What Does Species Mean?
A species is a biological designation for any life form that identifies it within an established ranking system based on its physical and genetic similarities to other life forms. In botany, plants are known by their scientific name, using a system known as binomial nomenclature. This identifies groups of plants by their genus and species. For example, a Sugar Maple is known as “Acer saccharum” where the genus is Acer and the species is saccharum. It may also be identified as A. saccharum. Conventions for writing species name require that they be italicized, and that the genera (plural of genus) be capitalized and the species not be capitalized.
Maximum Yield Explains Species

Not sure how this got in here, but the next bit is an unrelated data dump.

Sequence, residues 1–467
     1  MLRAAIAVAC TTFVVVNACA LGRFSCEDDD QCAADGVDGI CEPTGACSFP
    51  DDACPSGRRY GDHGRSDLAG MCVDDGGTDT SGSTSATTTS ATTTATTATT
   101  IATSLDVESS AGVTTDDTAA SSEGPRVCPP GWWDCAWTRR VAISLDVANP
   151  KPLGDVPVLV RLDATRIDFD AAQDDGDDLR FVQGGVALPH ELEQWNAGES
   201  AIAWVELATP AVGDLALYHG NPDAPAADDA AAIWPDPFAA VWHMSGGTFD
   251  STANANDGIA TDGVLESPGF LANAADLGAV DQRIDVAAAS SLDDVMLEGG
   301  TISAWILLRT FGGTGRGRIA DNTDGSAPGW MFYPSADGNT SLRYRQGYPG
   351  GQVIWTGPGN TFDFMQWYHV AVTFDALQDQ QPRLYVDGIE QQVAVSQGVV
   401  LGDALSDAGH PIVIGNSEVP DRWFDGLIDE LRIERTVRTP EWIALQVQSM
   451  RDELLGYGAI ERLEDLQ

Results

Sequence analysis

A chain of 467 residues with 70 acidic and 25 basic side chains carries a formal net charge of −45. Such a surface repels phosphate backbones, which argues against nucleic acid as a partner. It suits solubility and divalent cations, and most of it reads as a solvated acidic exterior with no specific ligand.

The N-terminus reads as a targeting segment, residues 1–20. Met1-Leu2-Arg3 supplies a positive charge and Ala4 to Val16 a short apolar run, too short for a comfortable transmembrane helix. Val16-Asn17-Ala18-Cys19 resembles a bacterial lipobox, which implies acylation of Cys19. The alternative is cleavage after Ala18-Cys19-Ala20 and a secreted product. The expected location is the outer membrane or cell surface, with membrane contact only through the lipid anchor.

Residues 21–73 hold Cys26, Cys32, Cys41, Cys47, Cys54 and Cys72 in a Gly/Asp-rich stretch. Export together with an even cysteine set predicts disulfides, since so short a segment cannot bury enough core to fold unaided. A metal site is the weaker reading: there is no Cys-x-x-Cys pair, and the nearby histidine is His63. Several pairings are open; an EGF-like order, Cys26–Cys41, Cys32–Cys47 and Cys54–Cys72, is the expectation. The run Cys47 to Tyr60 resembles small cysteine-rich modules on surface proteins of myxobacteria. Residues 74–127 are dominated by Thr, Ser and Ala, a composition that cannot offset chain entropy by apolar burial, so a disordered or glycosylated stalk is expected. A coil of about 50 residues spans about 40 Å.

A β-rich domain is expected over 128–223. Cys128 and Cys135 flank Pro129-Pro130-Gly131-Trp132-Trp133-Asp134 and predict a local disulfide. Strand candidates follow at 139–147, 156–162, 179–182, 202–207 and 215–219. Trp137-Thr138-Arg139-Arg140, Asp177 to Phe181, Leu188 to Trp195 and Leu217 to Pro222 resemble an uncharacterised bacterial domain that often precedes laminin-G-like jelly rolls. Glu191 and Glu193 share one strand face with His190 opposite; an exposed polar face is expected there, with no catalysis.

Further subdivisions of species include subspecies, and some plants may yet be further identified by their cultivar. Other designations are established for patented and trademarked varieties of plants. Where a specific species of plant is either unknown or may refer to several within the same genus, the abbreviations “sp.” and “spp.” are used respectively. Rules for the naming and presenting of plant species can be found by reviewing the International Association for Plant Taxonomy’s (IAPT) website or printed materials. These are specifically found in Chapter III, Section 4, Article 23. The IAPT was founded in 1950 to ensure the continuity of plant names throughout the world.